But the destruction of a charming and livable community, even if it’s happening gradually, is no small matter. My daughter and grandchildren now avoid the Old Colorado City library because it has become a de facto public shelter.
The Colorado Springs City Council has conducted a study and issued a report on the problems of homelessness, vagrancy, beggary, and other concerns that are now creeping beyond the Westside into other parts of town.
Governments are very good at conducting studies and issuing reports.
What comes of the effort remains to be seen.
The movement for marijuana legalization is spreading across the country — encouraged by pro-pot activists, and gaining appeal among local and state governments eying the tax revenues it supposedly generates.
But there is a price to be paid. It’s a high price, in civic atmosphere, and public virtue.
In other words: Quality of Life.
When the marijuana legalization issue presents itself in your state, reflect upon my little Westside Story.
Washington State attorney Bruce Hanify attached a link to my Facebook notification about this post. It leads to an insightful essay on his own blog. In that piece Hanify reflects on changes that have taken place since the late 1960s when marijuana use became widespread. His observations are insightful and relevant to what I describe happening on the Westside of Colorado Springs. A tidbit…
“I’ve noticed that every time a certain kind of culture shows up, there is less of that old-fashioned determination to overcome poverty, and more of a kind of indolence, a surrender to class determinism and one’s astrological chart ….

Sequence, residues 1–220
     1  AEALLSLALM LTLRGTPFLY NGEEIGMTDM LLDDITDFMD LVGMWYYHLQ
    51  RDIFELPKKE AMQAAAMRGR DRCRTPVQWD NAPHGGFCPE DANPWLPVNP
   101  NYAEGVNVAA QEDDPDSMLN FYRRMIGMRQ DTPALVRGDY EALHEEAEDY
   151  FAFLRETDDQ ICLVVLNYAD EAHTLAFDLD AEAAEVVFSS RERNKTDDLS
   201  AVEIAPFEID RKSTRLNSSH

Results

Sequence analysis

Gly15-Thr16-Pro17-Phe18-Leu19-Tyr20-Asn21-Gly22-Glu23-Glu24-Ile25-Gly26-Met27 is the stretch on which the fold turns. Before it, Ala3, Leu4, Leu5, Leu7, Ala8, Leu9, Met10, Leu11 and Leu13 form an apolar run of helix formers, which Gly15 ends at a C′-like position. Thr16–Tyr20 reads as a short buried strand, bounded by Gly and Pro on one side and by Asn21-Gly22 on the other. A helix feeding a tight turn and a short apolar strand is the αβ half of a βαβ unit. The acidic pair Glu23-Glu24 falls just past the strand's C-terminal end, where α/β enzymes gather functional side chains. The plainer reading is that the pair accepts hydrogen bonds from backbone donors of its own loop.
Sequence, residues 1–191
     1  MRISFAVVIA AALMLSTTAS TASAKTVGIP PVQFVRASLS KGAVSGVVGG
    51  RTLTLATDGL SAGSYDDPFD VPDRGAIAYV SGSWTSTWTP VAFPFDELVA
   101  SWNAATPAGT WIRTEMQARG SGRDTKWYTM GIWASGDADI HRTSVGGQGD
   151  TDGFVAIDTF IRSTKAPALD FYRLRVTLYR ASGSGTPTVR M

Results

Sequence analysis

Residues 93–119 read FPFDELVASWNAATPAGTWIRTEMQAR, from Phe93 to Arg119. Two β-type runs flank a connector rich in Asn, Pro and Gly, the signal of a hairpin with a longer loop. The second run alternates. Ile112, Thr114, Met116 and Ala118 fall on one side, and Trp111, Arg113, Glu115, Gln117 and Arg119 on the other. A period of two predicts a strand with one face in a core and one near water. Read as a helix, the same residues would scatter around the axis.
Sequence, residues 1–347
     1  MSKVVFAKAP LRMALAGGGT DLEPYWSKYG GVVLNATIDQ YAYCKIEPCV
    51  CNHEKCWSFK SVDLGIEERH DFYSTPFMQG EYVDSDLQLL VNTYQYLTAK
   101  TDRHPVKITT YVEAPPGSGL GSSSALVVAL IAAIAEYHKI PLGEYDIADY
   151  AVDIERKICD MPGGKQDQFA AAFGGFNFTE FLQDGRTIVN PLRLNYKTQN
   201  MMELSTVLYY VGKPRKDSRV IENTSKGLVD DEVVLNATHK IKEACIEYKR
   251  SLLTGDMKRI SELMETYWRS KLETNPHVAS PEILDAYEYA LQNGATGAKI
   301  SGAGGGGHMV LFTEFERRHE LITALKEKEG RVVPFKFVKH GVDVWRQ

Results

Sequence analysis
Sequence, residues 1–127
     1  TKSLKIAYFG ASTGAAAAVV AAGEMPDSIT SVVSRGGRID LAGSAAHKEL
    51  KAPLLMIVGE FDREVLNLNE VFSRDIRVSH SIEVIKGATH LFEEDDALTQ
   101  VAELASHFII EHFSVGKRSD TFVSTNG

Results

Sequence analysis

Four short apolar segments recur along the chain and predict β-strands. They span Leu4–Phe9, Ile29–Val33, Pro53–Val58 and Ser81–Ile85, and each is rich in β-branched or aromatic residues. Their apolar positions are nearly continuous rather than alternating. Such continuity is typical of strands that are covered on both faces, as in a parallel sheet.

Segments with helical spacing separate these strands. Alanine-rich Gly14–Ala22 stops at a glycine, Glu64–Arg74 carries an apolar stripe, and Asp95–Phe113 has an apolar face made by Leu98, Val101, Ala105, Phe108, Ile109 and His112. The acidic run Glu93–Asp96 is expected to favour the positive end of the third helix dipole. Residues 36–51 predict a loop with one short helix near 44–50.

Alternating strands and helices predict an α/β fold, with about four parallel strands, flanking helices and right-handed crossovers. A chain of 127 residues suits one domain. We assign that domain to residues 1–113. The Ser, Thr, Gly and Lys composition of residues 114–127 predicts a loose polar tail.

“When it comes to drug use, there is something in the whole ‘lifestyle’ canard that doesn’t ring true. Skeptics like myself wonder if there isn’t something else at work there — something decidedly antisocial. If I were looking for a chemical cause of these delusions, THC would certainly have to be regarded as a suspect, because it elevates juvenile drama into fake science. It is not liberty its defenders protect. It is immaturity.”
Hanify’s view of social change is sweeping, based largely on his years in the justice system as both a prosecutor and defense attorney. This is a guy with something to say. Consider his words carefully…
Read the entire letter to the editor of Westside Pioneer…
…and then peruse the report issued by the Colorado Springs City Council…
Writing in USA Today, Jeff Hunt, vice president of public policy at Colorado Christian University, assessed the impact of marijuana legalization on Colorado in response to a national initiative being pushed by New Jersey Democratic Senator Corey Booker…
“In the years since, Colorado has seen an increase in marijuana related traffic deaths, poison control calls, and emergency room visits. The marijuana black market has increased in Colorado, not decreased. And, numerous Colorado marijuana regulators have been indicted for corruption….
“In 2012, we were promised funds from marijuana taxes would benefit our communities, particularly schools. Dr. Harry Bull, the Superintendent of Cherry Creek Schools, one of the largest school districts in the state, said, ‘So far, the only thing that the legalization of marijuana has brought to our schools has been marijuana.’”
Six months after passage of Amendment 64, which legalized marijuana, Governor John Hickenlooper advised other states to wait to see the unintended consequences before repeating Colorado’s experience…
“If I could’ve waved a wand the day after the election, I would’ve reversed the election and said, ‘This was a bad idea.’”
And the bad news about pot just goes on and on. Some sample headlines…
“Rocky Mountain High Producing Some Undesirable Side Effects”…
“More Colorado drivers in fatal crashes positive for pot, study says”…
“Mysterious illness tied to marijuana use on the rise in states with legal weed”…